The aspect of Elijah going to sleep must be seen as his death. Minimally, his soul left his body of flesh, which means Yahweh granted his prayer; but, unlike the death of Absalom, where children came to hack his body to pieces, Elijah was attended to by an angel. More than a dream Elijah had while asleep, the angel bringing bead and water must be seen as his soul being cared for, protecting Elijah from evil. If one sees Elijah physically dying under a tree, just as Absalom died under a tree, one can begin to equate everything written about his subsequent life as the equivalent of Jesus’ resurrection from death, whereby no second physical death would be necessary before his ascension to heaven before witnesses [divine replacements].
When this physical death is seen, to read “there at his head was a cake baked on hot stones, and a jar of water,” the aspect of “by his head” [“mə·ra·’ă·šō·ṯāw,” rooted in “meraashoth”] needs to be seen as parallel to Absalom’s head being “suspended between heaven and earth.” The presence of bread and water by Elijah’s “head” says his ego was replaced with spiritual food [bread cooked on coals] and everlasting water [a jar of water]. Because Elijah was “touched by an angel,” his soul had become joined divinely. When death is seen at the point of that touch, being told “Get up and eat” – the actual command is “arise” [from “qūm”], meaning leave the body of flesh and enter the heavenly realm – Elijah was commanded to partake of the offerings of Yahweh.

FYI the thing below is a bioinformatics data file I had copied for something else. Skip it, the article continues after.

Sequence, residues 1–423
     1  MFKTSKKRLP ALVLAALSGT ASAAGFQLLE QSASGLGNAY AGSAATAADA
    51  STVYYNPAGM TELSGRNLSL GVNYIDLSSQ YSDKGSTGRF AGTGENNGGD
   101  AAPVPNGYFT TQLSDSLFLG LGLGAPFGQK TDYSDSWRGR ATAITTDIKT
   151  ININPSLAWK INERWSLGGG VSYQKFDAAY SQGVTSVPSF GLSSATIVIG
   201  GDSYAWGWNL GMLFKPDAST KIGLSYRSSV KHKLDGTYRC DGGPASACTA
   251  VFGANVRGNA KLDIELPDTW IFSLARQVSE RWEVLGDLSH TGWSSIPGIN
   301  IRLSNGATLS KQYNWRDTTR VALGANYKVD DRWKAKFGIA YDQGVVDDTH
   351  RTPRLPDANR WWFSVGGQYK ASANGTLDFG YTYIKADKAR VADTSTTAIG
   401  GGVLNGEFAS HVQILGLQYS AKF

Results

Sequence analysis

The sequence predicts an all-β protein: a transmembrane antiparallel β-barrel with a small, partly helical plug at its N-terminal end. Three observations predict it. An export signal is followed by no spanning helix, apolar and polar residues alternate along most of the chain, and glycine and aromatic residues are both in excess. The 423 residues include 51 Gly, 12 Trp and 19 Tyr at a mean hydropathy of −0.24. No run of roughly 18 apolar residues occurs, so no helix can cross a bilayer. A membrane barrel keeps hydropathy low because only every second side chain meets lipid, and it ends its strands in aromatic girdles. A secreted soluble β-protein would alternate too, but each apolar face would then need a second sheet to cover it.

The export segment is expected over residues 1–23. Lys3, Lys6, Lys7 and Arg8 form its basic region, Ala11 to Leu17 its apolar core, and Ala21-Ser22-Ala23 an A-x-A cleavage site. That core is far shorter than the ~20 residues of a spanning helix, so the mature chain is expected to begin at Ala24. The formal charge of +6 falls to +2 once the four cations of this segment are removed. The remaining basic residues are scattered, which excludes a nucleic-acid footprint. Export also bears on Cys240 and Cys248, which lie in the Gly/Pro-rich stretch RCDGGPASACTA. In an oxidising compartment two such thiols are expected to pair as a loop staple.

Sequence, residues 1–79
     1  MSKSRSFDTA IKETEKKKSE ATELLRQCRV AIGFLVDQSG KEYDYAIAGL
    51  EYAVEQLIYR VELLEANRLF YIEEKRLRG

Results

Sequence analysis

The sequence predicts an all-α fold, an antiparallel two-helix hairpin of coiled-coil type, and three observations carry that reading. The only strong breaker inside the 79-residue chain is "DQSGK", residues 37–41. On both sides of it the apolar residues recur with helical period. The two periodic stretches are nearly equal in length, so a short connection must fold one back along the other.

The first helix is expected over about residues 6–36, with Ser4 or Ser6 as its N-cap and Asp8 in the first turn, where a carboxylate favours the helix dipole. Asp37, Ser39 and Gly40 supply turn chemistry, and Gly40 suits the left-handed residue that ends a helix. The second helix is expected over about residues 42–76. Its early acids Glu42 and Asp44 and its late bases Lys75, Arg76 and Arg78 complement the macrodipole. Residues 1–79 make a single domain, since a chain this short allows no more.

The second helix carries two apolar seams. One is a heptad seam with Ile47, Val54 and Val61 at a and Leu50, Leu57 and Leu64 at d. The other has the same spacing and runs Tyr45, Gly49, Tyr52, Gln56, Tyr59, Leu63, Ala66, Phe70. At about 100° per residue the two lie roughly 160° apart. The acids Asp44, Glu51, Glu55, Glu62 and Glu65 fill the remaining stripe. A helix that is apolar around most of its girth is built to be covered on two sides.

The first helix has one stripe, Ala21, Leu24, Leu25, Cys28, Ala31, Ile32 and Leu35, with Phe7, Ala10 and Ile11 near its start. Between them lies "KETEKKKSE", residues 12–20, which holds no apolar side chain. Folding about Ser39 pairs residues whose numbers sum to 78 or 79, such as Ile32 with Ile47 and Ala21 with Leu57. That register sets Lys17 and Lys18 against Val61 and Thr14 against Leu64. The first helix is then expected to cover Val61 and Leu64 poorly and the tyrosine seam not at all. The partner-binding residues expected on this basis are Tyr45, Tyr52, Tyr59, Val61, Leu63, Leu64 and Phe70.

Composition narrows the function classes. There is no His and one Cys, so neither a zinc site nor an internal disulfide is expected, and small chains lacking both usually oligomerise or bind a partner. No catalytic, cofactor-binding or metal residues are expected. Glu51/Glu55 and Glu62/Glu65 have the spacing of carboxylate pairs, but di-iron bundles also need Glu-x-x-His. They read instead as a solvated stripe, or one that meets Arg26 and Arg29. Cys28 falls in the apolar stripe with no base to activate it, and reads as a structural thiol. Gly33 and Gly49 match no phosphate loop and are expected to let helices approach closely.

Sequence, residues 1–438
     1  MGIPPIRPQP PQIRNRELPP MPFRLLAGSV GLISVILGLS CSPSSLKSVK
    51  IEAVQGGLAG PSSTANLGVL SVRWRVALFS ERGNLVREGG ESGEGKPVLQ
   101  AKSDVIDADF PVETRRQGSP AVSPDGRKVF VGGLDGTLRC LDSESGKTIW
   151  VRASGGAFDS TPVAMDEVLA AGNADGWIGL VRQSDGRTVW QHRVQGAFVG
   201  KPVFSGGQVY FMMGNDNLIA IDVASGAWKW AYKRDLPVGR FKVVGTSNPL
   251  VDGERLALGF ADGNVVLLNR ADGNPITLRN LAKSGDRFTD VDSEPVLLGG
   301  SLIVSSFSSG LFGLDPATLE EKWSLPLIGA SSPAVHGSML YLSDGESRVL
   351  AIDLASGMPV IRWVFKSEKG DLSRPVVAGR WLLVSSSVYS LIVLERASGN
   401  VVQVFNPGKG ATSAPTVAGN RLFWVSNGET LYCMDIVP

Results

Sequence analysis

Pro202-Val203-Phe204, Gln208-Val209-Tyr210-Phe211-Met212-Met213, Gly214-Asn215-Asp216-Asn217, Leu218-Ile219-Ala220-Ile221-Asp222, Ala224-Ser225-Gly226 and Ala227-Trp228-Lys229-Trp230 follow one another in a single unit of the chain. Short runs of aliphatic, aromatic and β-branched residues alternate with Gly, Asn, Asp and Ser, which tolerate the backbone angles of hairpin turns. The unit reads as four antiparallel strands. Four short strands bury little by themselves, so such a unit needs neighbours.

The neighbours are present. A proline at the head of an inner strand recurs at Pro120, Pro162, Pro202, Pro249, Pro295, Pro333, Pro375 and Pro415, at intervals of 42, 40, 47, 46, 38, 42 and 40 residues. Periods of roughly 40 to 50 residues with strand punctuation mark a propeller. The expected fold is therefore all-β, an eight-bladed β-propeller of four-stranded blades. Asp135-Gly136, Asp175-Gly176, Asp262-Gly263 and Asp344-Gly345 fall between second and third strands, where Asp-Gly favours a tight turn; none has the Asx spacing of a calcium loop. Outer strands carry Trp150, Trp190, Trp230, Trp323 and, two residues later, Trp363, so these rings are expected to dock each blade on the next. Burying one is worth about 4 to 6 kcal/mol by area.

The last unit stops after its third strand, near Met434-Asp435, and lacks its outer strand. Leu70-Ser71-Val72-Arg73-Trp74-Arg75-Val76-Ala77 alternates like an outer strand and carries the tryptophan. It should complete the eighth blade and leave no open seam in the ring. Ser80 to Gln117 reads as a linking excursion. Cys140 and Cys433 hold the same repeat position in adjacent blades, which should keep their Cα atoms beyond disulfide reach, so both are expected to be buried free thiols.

When we then read that Elijah “ate and drank, and lay down again,” rather than see Elijah as being very tired [after only a day’s journey], one needs to see the duality of two. When one means death, two means the resurrection, as “again” returning to life in the body of flesh. This then means the soul of Elijah “lay down again” in the body of flesh that was dead. When we then read, “The angel of Yahweh came a second time, touched him, and said, “Get up and eat, otherwise the journey will be too much for you,”’ this becomes Elijah being resurrected from death. In the same way that Jesus told Jarius “give her [his risen daughter] something to eat” there is a need for spiritual food to feed the soul returned to the body of flesh. This is not a need for physical food, as resurrection from death is not about the physical flesh but for the soul to be strengthened.